‘Next Milo’? Malaysian diabetic drinks business has eyes on becoming FMCG major-player
Potonguler is now on the cusp of significant distribution deals, upscaling production and finalising government partnerships. Its co-founder, Anas Lutfi Norman, is so confident of his company’s product that he even dares to whisper the possibility of global corporations taking an interest in
A family business run by the three Norman siblings, Potonguler, which means cut sugar in Malay, started out as a small manufacturer of sugar-free cordials for diabetics. In 2019, Anas’s younger sister, Amira, devised a formulation using stevia that was suitable to sweeten condensed milk, which is massively popular in Malaysia, especially in the national tea drink, teh tarik.
“We are in partnership with a few government agencies to have nationwide distribution. We are also about to close in on deals with a major dollar shop, Ecoshop, with availability across 200 stores in Malaysia,” said Anas.
“In the last year, we have managed to come up with more SKUs for our cordials and we are in the process of making the condensed milk product shelf-stable with a long shelf life. When this is ready, we will be ready to hit the market space at big retailers like Tesco.”
This move to develop a shelf-stable dairy product could propel the family business into the major leagues, and the siblings know this. To gear up, they have been investigating how a regional beverages major like F&N has been developing its own dairy products.
Anas said the drinks giant best known for its carbonated beverages invested in homogenisation equipment and built up their capacity until it fill the machinery.
“They are doing almost a million a day now. We hope someday to go to that scale too. We are fund-raising now so we can invest in the machinery and people who can join us and increase capacity to fill the machinery,” he said.
“At the moment, we have a couple of investors and we are open to more. If people want to come on board they should speak to us. We would also like to talk to distribution partners nationwide and international distributors as well.”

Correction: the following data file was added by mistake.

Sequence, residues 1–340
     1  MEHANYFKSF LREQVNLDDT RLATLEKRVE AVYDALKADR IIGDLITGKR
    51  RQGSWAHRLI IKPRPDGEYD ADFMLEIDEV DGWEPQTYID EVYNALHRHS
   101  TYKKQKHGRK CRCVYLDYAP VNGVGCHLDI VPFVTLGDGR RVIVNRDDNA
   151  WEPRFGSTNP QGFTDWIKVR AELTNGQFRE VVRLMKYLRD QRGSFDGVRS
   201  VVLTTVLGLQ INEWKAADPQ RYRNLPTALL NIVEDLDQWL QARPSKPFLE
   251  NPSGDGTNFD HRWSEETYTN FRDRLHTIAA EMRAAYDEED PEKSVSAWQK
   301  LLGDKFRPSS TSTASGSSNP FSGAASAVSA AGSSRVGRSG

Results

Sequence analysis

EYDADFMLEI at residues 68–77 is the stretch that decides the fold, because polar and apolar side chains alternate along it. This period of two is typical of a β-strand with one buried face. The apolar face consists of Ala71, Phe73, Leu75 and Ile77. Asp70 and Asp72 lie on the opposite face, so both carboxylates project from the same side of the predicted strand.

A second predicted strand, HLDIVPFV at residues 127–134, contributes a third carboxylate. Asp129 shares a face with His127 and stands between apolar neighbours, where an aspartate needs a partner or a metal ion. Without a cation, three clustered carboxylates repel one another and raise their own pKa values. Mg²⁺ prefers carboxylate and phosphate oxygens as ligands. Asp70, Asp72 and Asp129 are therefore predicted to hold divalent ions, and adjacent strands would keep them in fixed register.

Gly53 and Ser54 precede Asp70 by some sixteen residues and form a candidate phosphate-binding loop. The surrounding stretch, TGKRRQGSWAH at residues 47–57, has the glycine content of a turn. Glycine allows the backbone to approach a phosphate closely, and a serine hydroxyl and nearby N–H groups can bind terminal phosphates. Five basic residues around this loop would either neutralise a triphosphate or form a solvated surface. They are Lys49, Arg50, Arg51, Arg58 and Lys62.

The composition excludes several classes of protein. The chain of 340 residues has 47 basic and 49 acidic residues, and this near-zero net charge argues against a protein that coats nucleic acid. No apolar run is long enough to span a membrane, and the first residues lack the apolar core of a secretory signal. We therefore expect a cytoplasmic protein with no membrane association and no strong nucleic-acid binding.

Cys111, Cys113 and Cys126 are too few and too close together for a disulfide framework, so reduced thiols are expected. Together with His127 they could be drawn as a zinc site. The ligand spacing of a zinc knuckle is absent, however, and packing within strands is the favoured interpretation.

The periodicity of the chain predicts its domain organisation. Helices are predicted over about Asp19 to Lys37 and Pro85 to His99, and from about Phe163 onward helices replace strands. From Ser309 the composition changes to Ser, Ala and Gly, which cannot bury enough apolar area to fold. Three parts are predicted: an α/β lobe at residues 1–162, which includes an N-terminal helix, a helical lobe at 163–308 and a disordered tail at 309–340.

Though Potonguler is well established, it gives the impression of operating like a start-up, and is already talking about the things beloved of tech companies like scale and exit strategy.
“We are a young company, quite nimble and lean and mean. We believe there should be an exit strategy, so we want to increase the value of the brand to make it a household name.
“Perhaps along the line, we will be a bigger conglomerate producing alternative daily food products. Our company would certainly complement the products that Nestlé or F&N bring to the market,” he added.
In the meantime, it has its eyes on the strategy Nestlé employed in Malaysia to make its Milo chocolate drink a favourite in the country.
From the Seventies until the Nineties, the company’s vans were a common sight parked outside schools across the country, distributing Milo to adoring schoolchildren.
Today, adults reminisce about the “Milo vans” of their childhood, and Potonguler wants to tap into this, in partnership with the education ministry.
“We are working on a project to be able to supply to school children. We studied the history of Milo, and saw how it began its appeal to Malaysians through the vans, which seeped into the minds of young people,” said Anas..
“That’s one of the things we want to do: supply an alternative with low sugar and want the kids to remember and be familiar with our products well into the future. We are in talks with the MoE and hope we can collaborate with Unicef, the UN’s children’s fund.”
Asked if doing so would also serve to put the business on Nestlé’s radar, Anas was more coy.
“We are open to anyone, but now we are just trying our best to build value,” he said.